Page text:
- Constantinou MC, Whittaker AS, Kalpakidis Y, Fenz DM, Warn GP (2007) Performance of seismic isolation hardware under service and seismic loading. MCEER-07-0012, Multidisciplinary Center for Earthquake Engineering Research, University at Buffalo, New YorkGoogle Scholar
- Dezi F, Carbonari S, Leoni G (2013) Lumped parameter model for the time-domain soil-structure interaction analysis of structures on pile foundations. ANIDIS, PadovaGoogle Scholar
- Dorfmann A, Burtscher SL (2000) Aspects of cavitation damage in seismic bearings. J Struct Eng 126:573–579CrossRefGoogle Scholar
- European Committee for Standardization (ECS) (2005a) Structural bearings—Part 3: elastomeric bearings (EN 1337-3). ECS, BrusselsGoogle Scholar
- European Committee for Standardization (ECS) (2005b) Eurocode 8: design of structures for earthquake resistance, Part 1: general rules, seismic actions and rules for buildings (EN 1998-1). ECS, BrusselsGoogle Scholar
- European Committee for Standardization (ECS) (2005c) Eurocode 8: design of structures for earthquake resistance, Part 2: bridges (EN 1998-2). ECS, BrusselsGoogle Scholar
- European Committee for Standardization (ECS) (2009) Anti-seismic devices (EN 15129. ECS, BrusselsGoogle Scholar
- Gent AN (1990) Cavitation in rubber: a cautionary tale. Rubber Chem Technol 63:49–53CrossRefGoogle Scholar
- Gent AN, Lindley PB (1959) Internal rupture of bonded rubber cylinders in tension. Proc R Soc Lond A Math Phys Eng Sci 249(1257):195–205CrossRefGoogle Scholar
- Grant DN, Fenves GL, Whittaker AS (2004) Bidirectional modelling of high-damping rubber bearings. J Earthq Eng 8:161–185Google Scholar
- Iervolino I, Galasso C, Cosenza E (2010) REXEL: computer aided record selection for code-based seismic structural analysis. Bull Earthquake Eng 8(2):339–362CrossRefGoogle Scholar
- Japan Road Association (JRA) (2002) Chapter 1: seismic design specifications for highway bridges. International Institute of Seismology and Earthquake Engineering, Japan Road Association, TokyoGoogle Scholar
- Kappos AJ, Saiidi MS, Aydinoglu MN, Isakovic T (2012) Seismic design and assessment of bridges, inelastic methods of analysis and case studies. In: Geotechnical, geological and earthquake engineering. SpringerGoogle Scholar
- Katsaras CP, Panagiotakos TB, Kolias B (2009) Effect of torsional stiffness of prestressed concrete box girders and uplift of abutment bearings on seismic performance of bridges. Bull Earthq Eng 7(2):363–375CrossRefGoogle Scholar
- Kelly JM (1997) Earthquake-resistant design with rubber. Springer, LondonCrossRefGoogle Scholar
- Koh CG, Kelly JM (1987) Effects of axial load on elastomeric isolation bearings. EERC/UBC 86/12, Earthquake Engineering Research Center, University of California, Berkeley, p 108Google Scholar
- Kumar M, Whittaker AS, Constantinou MC (2014) An advanced numerical model of elastomeric seismic isolation bearings. Earthq Eng Struct Dyn 43:1955–1974CrossRefGoogle Scholar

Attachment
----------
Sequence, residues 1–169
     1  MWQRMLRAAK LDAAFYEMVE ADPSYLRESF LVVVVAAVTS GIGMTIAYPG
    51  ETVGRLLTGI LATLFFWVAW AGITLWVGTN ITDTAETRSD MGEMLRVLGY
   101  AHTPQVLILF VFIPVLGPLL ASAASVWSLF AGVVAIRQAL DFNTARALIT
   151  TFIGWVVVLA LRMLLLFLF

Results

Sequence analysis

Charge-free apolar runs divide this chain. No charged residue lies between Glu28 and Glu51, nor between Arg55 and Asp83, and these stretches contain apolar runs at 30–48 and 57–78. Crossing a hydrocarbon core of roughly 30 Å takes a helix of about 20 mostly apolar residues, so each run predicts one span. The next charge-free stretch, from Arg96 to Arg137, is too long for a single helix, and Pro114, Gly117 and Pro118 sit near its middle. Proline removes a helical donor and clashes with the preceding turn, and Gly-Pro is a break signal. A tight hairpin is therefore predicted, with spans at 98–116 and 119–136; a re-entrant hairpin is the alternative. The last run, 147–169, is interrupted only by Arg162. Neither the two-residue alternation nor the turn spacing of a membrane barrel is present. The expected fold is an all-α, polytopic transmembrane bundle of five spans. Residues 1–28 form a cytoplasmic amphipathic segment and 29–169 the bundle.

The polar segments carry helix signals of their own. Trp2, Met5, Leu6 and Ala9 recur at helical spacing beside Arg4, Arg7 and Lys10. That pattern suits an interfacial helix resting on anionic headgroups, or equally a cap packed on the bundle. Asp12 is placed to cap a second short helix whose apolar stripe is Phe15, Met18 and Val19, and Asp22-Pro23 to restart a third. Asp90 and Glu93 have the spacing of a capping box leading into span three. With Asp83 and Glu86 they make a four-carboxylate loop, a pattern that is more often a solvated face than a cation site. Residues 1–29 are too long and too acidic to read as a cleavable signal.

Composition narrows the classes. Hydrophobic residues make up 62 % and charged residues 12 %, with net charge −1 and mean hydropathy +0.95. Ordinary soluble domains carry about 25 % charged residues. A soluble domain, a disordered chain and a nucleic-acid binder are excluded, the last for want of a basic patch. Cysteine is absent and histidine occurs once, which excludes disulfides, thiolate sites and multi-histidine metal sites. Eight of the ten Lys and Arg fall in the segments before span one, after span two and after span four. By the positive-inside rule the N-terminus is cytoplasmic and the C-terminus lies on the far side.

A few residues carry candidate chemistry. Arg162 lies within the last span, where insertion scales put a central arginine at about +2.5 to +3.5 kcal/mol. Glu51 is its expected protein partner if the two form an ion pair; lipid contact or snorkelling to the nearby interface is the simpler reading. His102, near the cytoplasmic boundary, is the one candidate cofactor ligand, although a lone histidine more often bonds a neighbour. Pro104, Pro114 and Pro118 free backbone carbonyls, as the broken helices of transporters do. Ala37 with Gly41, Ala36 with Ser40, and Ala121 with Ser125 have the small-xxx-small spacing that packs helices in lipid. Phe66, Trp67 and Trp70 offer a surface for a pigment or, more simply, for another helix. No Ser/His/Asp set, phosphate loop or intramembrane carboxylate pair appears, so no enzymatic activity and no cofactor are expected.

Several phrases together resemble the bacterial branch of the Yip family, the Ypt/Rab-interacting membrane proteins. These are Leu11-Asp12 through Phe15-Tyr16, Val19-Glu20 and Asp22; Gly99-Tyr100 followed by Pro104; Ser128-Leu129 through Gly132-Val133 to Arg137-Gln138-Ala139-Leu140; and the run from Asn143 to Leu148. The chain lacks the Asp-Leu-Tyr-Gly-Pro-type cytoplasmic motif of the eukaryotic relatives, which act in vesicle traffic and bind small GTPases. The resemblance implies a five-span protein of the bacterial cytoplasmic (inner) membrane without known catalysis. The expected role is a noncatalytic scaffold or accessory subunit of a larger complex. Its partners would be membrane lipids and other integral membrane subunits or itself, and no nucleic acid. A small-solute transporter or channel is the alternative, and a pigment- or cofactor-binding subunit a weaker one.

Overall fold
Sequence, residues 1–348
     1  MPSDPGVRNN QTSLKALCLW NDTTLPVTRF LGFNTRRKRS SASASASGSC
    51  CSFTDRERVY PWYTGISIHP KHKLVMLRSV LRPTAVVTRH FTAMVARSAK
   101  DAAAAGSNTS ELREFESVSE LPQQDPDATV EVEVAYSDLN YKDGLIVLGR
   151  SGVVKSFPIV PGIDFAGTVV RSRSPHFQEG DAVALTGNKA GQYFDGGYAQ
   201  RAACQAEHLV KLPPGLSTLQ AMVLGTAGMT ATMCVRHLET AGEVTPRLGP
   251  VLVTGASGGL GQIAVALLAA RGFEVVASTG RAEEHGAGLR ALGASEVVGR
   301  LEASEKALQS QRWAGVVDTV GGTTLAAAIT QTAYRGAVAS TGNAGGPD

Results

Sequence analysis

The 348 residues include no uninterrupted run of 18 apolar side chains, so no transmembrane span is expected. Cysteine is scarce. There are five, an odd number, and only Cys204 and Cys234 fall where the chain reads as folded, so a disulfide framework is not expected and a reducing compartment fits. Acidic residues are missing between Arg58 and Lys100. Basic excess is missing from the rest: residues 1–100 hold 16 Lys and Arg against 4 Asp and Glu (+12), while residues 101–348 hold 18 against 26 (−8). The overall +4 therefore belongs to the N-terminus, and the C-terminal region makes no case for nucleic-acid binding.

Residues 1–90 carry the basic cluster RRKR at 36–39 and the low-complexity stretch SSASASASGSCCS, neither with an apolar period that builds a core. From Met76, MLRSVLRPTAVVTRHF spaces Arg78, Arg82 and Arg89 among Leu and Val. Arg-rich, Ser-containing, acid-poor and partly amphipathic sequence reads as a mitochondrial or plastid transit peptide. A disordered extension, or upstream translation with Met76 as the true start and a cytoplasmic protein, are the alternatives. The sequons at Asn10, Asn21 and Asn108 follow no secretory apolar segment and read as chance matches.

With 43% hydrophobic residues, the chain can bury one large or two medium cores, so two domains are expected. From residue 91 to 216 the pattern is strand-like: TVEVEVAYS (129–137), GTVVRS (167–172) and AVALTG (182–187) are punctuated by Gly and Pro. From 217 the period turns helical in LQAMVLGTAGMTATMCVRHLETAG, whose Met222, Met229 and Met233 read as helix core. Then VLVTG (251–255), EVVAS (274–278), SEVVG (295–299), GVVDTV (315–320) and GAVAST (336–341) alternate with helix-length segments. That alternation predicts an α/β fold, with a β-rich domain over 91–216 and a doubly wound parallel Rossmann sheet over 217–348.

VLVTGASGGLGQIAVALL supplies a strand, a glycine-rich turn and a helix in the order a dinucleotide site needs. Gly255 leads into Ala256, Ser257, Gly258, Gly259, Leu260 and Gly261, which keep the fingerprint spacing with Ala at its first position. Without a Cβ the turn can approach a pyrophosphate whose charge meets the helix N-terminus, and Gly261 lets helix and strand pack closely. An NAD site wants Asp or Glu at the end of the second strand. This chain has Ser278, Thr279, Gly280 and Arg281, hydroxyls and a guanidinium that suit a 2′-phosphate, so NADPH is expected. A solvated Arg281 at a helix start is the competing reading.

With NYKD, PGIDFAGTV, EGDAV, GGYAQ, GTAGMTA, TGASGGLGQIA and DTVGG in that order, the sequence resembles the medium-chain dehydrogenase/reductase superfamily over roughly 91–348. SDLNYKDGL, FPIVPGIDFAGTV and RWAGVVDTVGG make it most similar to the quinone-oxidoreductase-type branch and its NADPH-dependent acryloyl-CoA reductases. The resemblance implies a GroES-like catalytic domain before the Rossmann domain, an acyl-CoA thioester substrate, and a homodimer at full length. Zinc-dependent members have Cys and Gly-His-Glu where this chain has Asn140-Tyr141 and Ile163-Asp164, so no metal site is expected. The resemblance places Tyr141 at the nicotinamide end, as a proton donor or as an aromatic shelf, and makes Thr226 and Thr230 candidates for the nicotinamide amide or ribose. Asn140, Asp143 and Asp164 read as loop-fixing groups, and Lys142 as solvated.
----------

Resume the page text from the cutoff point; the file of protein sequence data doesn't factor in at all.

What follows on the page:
- Lee GC, Kitane Y, Buckle IG (2001) Literature review of the observed performance of seismically isolated bridges. In: Research progress and accomplishments: multidisciplinary center for earthquake engineering research, pp 51–62Google Scholar
- Lesgidis N, Kwon OS, Sextos A (2015) A time-domain seismic SSI analysis method for inelastic bridge structures through the use of a frequency-dependent lumped parameter model. Earthq Eng Struct Dyn 44(13):2137–2156CrossRefGoogle Scholar
- Makris N, Badoni D, Delis E, Gazetas G (1994) Prediction of observed bridge response with soil–pile-structure interaction. J Struct Eng (ASCE) 120(10):2992–3011CrossRefGoogle Scholar
- Manos GC, Mitoulis SA, Sextos A (2012) A knowledge-based software for the design of the seismic isolation system of bridges. Bull Earthq Eng 10(3):1029–1047CrossRefGoogle Scholar
- McKenna F, Fenves GL, Scott MH (2006) OpenSees: open system for earthquake engineering simulation. Pacific Earthquake Engineering Center, University of California, BerkeleyGoogle Scholar
- Mitoulis SA (2014) Uplift of bearings in isolated bridges subjected to longitudinal seismic actions. Struct Infrastr Eng. doi:10.1080/15732479.2014.983527 Google Scholar
- Muhr AH (2006) Effect of thickness of reinforcing plates on rubber-steel laminated bearings. In: 6th World conference on joints and bearings and seismic systems for concrete structures, Halifax, 17–21 Sept 2006Google Scholar
- Muhr AH (2007) Mechanics of Elastomer-Shim laminates. CMC 5(1):11–30Google Scholar
- Olmos B, Roesset J (2012) Inertial interaction effects on deck isolated bridges. Bull Earthq Eng 10(3):1009–1028CrossRefGoogle Scholar
- Pond TJ (1995) Cavitation in bonded natural rubber cylinders repeatedly loaded in tension. J. Nat Rubber Res 10(1):14–25Google Scholar
- Tubaldi E, Dall’Asta A (2011) A design method for seismically isolated bridges with abutment restraint. Eng Struct 33(3):786–795CrossRefGoogle Scholar
- Ucak A, Tsopelas P (2008) Effect of soil-structure interaction on seismic isolated bridges. J Struct Eng 134(7):1154–1164CrossRefGoogle Scholar
- Warn GP, Whittaker AS, Constantinou MC (2007) Vertical stiffness of elastomeric and lead-rubber seismic isolation bearings. J Struct Eng 133(9):1227–1236CrossRefGoogle Scholar
- Yang QR, Liu WG, He WF, Feng DM (2010) Tensile stiffness and deformation model of rubber isolators in tension and tension-shear states. J Eng Mech 136:429–437CrossRefGoogle Scholar
Copyright information
Open AccessThis article is distributed under the terms of the Creative Commons Attribution 4.0 International License (http://creativecommons.org/licenses/by/4.0/), which permits unrestricted use, distribution, and reproduction in any medium, provided you give appropriate credit to the original author(s) and the source, provide a link to the Creative Commons license, and indicate if changes were made.